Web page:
With increase of the spread between cluster sizes, all but single link algorithm have increasing difficulty in detecting the “perfect” clusters. The additionally displayed indicator *relQ* (relative quality, the quotient of the achieved *k*-means cost function to the smallest one) explains the reason: *k*-means optimizes *k*-means clustering function and single link does not.

*k*-Means++ Discovering Well-Clusterable Data for Synthetic Data

In Tables 2, 3 and 4, illustrating the second and third experiment sets, the following abbreviations in column titles were used: Errors *k*-means means the number of errors (not recognizing the correct clustering) per 100 runs by the *k*-means algorithm with random initialization with 1 start. Errors *k*-means++ means the same, respectively. WC disc. means the number of times per 100 runs that the *k*-means++ discovered the well-clusterable structure in the data, whereas WC not disc. means the number of times *k*-means++ did not discover such a structure. Both are split into two categories: cc—correct clustering in the sense of the assumed cluster structure, wc—wrong clustering in the same sense.

The set-up of the second experiment is as follows: a generator with parameters *k* (number of clusters), *M*, *m* (minimum and maximum cluster size), *d* (dimensionality), \({\mathfrak {p}}\) (share of variance outside of core) and *gp* (the minimum gap size compared to the one required to testify that well-clusterable structure was found). Some parameters are fixed for this experiment: \(M= 75, m= 45, d= 10\), and only \(k, {\mathfrak {p}}\) and *gp* are varied. In each run, a new sample is generated.

You see from Table 2 that *k*-means++ almost always discovers the well-clusterable structure in the data when it exists (it failed one time in 1800 experiments) and when it failed, the discovered structure was non-well-clusterable one. In 1800 experiments, when the well-clusterable structure did not exist, it did not discover a well-clusterable structure. It is worth noting that given the gap between the clusters is half as big as the well-clusterability gap, *k*-means++ discovered nearly always (except for 4 cases) the intrinsic structure in the data. Interestingly, *k*-means discovers the intrinsic structure in the data when \(k=2\). But it fails when the number of clusters is bigger and the increase of the gaps between clusters does not improve its performance.

*k*-Means++ Discovering Well-Clusterable Data for Real Data

The set-up for the third experiment is as follows. Datasets from the R library with at least 100 records were selected (“DNase”, “iris”, “Theoph”, “attenu”, “faithful”, “infert”, “quakes”, “randu” ). Non-numeric columns were removed, the numerical columns were normalized (mean \(=\) 0, SD \(=\) 1) and a clustering via *k*-means++ into *k* (= 2,3,5) clusters with 200 starts was performed and this was considered as the “ground truth” clustering. Then 100 times clustering experiments were performed computing the statistics as in the second experiment for the original data set and for data set modified so that the gaps between clusters were equal *g*/2, *g*, 2*g* where *g* is the gap required by the well-clusterability condition.

In an analogous way, *kddcup* data downloaded from the website https://sci2s.ugr.es/keel/category.php?cat=clas&order=ins#sub2 was processed. Not the entire set but rather randomly selected some 10,000 records from it were used. This extra data set was used to show the performance of the clustering for a larger number of clusters (2, 4, 8, 16, 32, 64 and 128). As visible, the algorithm tackles the increasing number of clusters correctly.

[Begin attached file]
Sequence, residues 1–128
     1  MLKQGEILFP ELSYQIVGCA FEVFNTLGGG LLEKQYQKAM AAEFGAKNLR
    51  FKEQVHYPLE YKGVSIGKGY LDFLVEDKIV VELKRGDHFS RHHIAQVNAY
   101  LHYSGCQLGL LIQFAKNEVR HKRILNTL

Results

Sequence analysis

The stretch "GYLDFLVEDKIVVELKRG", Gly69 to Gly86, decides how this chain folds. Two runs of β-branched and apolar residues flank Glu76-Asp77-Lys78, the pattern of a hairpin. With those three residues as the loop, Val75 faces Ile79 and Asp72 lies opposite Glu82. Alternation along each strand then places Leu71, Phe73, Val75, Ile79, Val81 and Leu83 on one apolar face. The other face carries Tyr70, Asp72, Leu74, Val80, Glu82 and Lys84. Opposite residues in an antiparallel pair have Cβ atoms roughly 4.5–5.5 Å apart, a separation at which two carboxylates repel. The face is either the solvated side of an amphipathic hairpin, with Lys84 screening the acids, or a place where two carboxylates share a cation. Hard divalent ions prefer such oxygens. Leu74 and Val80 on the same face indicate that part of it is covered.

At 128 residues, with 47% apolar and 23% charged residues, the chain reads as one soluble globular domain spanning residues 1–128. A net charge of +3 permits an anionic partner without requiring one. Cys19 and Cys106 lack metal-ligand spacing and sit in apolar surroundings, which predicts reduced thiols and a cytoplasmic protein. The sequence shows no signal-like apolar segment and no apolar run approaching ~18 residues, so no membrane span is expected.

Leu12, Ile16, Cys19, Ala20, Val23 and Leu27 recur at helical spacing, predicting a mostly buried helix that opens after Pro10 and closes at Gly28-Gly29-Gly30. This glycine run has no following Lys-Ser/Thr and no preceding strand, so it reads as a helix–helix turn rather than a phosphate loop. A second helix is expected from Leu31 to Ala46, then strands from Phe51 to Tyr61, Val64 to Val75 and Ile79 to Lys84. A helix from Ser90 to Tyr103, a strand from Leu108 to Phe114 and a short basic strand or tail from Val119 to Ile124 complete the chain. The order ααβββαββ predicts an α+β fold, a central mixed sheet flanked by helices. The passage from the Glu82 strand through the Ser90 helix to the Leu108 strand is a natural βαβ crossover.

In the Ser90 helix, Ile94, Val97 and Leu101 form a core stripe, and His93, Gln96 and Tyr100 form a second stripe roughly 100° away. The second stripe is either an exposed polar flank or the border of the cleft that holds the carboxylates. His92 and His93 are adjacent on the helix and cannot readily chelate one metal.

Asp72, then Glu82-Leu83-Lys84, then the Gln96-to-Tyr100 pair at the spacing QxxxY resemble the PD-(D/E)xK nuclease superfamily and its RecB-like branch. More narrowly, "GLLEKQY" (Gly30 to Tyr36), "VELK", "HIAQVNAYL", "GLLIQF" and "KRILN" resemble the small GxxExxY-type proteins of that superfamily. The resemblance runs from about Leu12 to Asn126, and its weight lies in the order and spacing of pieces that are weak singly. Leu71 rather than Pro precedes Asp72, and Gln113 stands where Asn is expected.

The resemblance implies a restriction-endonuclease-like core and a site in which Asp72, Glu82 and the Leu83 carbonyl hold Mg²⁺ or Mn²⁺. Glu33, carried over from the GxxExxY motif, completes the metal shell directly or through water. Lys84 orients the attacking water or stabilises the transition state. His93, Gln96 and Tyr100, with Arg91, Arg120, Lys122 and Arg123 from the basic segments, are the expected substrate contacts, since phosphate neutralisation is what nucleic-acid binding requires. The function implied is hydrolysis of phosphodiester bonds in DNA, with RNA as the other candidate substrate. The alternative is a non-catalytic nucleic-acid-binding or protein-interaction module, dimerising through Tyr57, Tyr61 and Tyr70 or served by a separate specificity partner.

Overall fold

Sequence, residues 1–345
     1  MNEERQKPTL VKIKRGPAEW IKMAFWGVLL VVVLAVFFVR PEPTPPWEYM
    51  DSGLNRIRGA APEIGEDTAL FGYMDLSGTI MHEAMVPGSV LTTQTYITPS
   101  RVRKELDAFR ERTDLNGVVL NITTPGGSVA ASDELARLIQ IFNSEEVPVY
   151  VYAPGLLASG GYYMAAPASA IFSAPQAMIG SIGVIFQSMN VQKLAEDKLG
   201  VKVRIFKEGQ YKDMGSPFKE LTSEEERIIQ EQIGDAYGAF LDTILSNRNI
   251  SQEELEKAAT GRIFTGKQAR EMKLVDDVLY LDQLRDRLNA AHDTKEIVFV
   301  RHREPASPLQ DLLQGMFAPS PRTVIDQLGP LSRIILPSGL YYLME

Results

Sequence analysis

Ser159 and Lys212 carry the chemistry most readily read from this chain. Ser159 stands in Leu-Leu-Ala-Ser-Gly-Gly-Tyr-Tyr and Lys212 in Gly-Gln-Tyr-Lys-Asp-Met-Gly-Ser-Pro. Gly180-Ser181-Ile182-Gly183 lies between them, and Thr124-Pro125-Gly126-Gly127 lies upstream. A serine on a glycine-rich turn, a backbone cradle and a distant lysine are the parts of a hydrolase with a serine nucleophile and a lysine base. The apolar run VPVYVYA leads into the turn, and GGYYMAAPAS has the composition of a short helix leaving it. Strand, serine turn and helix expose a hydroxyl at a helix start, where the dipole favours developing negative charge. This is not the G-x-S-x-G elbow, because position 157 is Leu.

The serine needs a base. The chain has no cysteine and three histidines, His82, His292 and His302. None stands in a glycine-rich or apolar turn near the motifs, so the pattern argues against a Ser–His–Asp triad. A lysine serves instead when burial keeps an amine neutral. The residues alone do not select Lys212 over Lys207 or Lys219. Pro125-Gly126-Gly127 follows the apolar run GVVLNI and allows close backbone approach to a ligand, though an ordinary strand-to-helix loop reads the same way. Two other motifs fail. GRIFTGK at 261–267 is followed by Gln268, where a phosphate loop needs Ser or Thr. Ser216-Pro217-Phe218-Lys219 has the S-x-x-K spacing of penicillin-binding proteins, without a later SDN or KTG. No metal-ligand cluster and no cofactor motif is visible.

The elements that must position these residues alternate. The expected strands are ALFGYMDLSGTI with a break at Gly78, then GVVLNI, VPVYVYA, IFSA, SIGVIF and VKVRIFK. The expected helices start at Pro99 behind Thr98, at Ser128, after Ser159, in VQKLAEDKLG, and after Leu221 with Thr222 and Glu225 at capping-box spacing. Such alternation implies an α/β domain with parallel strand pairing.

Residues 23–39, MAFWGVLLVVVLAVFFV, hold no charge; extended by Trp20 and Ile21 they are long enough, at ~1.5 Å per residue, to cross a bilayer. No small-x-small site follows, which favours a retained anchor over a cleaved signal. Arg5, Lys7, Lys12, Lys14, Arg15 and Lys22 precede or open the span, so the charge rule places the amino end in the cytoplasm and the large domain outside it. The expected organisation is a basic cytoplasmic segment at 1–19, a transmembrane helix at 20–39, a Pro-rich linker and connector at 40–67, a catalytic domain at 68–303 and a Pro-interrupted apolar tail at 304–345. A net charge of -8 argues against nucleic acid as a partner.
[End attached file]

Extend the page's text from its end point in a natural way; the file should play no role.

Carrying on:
One sees that both *k*-means++ and *k*-means do not perform well for the original data set. But if the gaps between clusters amount to at least half the well-clusterability gap, *k*-means++ discovers the intrinsic clustering. *k*-means does so only when \(k=2\). *k*-means++ discovers always the well-clusterable structure when it exists and does not if does not exist. If \(k>2\), *k*-means is not helped by increasing the gap between clusters.

Summarizing, it has been demonstrated empirically that (1) The gap size alone does not guarantee the discovery of clusters seen by human inspection for the class of *k*-means-like algorithms. (2) If a dataset is well-clusterable as defined in Theorems 1 or 5 (based on Definition 1) then *k*-means++ is able to identify the best clustering (both for real-world datasets and synthetic ones). (3) If *k*-means++ cannot find a clustering satisfying well-clusterability, there is no good clustering structure, fitting those definitions, hidden in data (with high probability) for all *k*-means style algorithms.

### Impact of *k*, Data Dimensionality and Gap on Clustering Performance

A number of further experiments have been performed on synthetic data in order to show the behaviour of several algorithms from *k*-means family on data that were generated with *k*-means++ clusterability in mind.

The impact of the parameters *k* (the number of clusters), *d* (the number of dimensions), the cluster size and the quotient of the maximum to the minimum cluster size were investigated. Additionally, the impact of the reduction of the gap between clusters on the performance of the clustering was studied (*breakgap* parameter indicates by what number the calculated clusterability gap was divided).